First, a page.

Magic, Science and Religion and other essays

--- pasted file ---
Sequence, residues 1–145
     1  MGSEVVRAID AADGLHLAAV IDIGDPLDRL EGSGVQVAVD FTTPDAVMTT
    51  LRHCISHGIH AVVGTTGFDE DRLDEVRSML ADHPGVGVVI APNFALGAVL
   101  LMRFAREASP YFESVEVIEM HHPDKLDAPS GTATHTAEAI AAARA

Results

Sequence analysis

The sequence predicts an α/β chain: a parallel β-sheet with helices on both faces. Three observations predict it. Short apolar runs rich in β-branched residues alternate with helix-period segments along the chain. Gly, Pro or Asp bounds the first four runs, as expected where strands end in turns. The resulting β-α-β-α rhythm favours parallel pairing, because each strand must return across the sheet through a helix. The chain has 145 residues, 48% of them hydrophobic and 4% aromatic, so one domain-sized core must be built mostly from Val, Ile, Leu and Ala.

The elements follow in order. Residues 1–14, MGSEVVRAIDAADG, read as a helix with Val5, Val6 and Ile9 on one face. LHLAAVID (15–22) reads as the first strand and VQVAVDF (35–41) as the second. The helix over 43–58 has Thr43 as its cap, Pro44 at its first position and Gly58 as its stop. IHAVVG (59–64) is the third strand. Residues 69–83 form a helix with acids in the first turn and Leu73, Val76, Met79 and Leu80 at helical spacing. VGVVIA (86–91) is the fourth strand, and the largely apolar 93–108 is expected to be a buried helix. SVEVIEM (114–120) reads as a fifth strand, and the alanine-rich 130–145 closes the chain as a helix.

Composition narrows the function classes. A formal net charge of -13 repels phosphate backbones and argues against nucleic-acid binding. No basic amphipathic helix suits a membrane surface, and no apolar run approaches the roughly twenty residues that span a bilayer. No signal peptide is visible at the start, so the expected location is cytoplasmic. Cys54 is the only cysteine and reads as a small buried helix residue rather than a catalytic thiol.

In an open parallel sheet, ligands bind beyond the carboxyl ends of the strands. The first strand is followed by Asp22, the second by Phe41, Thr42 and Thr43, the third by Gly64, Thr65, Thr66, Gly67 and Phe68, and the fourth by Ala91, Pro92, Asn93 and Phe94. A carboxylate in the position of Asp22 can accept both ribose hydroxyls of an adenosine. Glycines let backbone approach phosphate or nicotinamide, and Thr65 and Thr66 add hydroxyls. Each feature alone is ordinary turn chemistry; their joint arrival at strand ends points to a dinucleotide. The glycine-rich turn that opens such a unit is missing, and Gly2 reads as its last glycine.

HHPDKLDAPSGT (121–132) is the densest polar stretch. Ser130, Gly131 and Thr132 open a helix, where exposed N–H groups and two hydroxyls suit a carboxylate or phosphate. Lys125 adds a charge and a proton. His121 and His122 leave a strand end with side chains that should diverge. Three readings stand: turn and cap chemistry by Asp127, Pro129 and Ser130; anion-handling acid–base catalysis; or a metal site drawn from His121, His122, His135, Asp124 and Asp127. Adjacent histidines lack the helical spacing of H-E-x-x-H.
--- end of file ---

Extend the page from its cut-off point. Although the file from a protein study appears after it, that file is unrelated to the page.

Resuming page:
Outline: No writer of our times has done more than Bronislaw Malinowski to bring together in a single comprehension the warm reality of human living and the cool abstractions of science. Malinowski's gift was double: it consisted both in the genius given usually to artists and in the scientist's power to see and to declare the universal in the particular. This volume includes three of the great anthropologist's most famous essays. In "Magic, Science and Religion" he takes account of the various views of religion which Tylor, Frazer, Marett, and Durkheim have given and goes on from there to provide is own conception in which religion is not only a matter of explaining and projecting one's dream, nor simply of social communion, but religion and magic are ways men have - men being men - to make the world acceptable, manageable, and right. The essay "Myth in Primitive Psychology" makes myths part of the meaning and function of the life of the people who tell them. The final essay, "Baloma: the Spirits of the Dead in the Trobriand Islands," reveals the basis of Malinowski's functional point of view - the theory that types of social behavior must be analyzed for the need each of them fills in maintaining man and his society.
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